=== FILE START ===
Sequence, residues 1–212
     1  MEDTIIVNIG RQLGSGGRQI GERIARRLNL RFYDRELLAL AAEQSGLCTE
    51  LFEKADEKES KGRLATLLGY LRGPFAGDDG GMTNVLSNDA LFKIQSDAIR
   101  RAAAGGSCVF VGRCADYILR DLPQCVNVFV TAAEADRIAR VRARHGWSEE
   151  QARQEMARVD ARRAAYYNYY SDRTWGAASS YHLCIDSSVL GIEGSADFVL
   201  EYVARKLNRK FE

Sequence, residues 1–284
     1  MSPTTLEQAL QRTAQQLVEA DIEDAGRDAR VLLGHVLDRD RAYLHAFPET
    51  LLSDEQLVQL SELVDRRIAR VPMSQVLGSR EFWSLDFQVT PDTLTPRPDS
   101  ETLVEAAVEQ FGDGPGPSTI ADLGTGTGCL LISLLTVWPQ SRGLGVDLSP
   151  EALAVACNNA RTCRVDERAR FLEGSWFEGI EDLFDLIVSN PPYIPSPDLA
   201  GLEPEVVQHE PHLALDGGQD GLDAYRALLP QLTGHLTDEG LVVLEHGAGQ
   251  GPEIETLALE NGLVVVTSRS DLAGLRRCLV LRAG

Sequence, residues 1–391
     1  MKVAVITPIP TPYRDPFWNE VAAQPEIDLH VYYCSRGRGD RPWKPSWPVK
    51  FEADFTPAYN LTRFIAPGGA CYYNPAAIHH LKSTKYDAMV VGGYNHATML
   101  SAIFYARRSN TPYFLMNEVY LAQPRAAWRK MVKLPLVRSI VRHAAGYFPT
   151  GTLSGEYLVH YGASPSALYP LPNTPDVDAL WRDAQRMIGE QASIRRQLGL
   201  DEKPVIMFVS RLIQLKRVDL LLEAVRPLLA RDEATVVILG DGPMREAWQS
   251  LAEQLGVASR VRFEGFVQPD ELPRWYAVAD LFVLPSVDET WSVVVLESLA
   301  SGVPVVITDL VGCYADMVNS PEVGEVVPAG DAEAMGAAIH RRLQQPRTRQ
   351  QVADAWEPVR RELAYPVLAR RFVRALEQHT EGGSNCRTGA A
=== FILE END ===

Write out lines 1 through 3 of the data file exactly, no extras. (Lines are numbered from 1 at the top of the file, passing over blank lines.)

Sequence, residues 1–212
     1  MEDTIIVNIG RQLGSGGRQI GERIARRLNL RFYDRELLAL AAEQSGLCTE
    51  LFEKADEKES KGRLATLLGY LRGPFAGDDG GMTNVLSNDA LFKIQSDAIR